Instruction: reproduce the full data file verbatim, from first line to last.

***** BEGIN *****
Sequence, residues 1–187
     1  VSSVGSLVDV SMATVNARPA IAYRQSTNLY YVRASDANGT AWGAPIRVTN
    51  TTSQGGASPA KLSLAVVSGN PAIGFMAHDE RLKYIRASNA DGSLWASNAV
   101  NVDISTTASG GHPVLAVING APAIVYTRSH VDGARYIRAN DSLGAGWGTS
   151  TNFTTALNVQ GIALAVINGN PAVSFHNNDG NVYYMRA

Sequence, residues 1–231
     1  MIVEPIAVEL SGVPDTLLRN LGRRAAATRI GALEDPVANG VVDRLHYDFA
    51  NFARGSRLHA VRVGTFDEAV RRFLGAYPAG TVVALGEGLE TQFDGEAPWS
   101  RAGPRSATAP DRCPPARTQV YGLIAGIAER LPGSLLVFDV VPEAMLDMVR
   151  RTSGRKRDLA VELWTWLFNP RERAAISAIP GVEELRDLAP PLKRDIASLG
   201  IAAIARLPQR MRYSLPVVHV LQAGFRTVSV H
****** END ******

Sequence, residues 1–187
     1  VSSVGSLVDV SMATVNARPA IAYRQSTNLY YVRASDANGT AWGAPIRVTN
    51  TTSQGGASPA KLSLAVVSGN PAIGFMAHDE RLKYIRASNA DGSLWASNAV
   101  NVDISTTASG GHPVLAVING APAIVYTRSH VDGARYIRAN DSLGAGWGTS
   151  TNFTTALNVQ GIALAVINGN PAVSFHNNDG NVYYMRA

Sequence, residues 1–231
     1  MIVEPIAVEL SGVPDTLLRN LGRRAAATRI GALEDPVANG VVDRLHYDFA
    51  NFARGSRLHA VRVGTFDEAV RRFLGAYPAG TVVALGEGLE TQFDGEAPWS
   101  RAGPRSATAP DRCPPARTQV YGLIAGIAER LPGSLLVFDV VPEAMLDMVR
   151  RTSGRKRDLA VELWTWLFNP RERAAISAIP GVEELRDLAP PLKRDIASLG
   201  IAAIARLPQR MRYSLPVVHV LQAGFRTVSV H